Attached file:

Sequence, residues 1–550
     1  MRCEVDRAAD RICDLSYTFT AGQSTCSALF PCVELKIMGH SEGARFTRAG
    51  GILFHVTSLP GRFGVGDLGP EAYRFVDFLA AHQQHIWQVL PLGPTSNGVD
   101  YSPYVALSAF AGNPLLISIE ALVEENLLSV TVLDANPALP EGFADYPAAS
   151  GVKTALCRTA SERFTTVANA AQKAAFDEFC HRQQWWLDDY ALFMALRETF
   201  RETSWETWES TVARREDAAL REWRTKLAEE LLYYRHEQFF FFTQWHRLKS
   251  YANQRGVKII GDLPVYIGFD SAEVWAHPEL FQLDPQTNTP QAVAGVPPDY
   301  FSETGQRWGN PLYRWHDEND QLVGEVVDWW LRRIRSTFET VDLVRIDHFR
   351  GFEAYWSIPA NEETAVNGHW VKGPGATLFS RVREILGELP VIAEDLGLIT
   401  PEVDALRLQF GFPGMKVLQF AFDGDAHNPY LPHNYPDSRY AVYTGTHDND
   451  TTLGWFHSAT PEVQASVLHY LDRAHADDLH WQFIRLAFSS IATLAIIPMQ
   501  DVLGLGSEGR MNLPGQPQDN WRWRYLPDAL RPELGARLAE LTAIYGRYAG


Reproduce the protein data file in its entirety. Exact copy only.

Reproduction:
Sequence, residues 1–550
     1  MRCEVDRAAD RICDLSYTFT AGQSTCSALF PCVELKIMGH SEGARFTRAG
    51  GILFHVTSLP GRFGVGDLGP EAYRFVDFLA AHQQHIWQVL PLGPTSNGVD
   101  YSPYVALSAF AGNPLLISIE ALVEENLLSV TVLDANPALP EGFADYPAAS
   151  GVKTALCRTA SERFTTVANA AQKAAFDEFC HRQQWWLDDY ALFMALRETF
   201  RETSWETWES TVARREDAAL REWRTKLAEE LLYYRHEQFF FFTQWHRLKS
   251  YANQRGVKII GDLPVYIGFD SAEVWAHPEL FQLDPQTNTP QAVAGVPPDY
   301  FSETGQRWGN PLYRWHDEND QLVGEVVDWW LRRIRSTFET VDLVRIDHFR
   351  GFEAYWSIPA NEETAVNGHW VKGPGATLFS RVREILGELP VIAEDLGLIT
   401  PEVDALRLQF GFPGMKVLQF AFDGDAHNPY LPHNYPDSRY AVYTGTHDND
   451  TTLGWFHSAT PEVQASVLHY LDRAHADDLH WQFIRLAFSS IATLAIIPMQ
   501  DVLGLGSEGR MNLPGQPQDN WRWRYLPDAL RPELGARLAE LTAIYGRYAG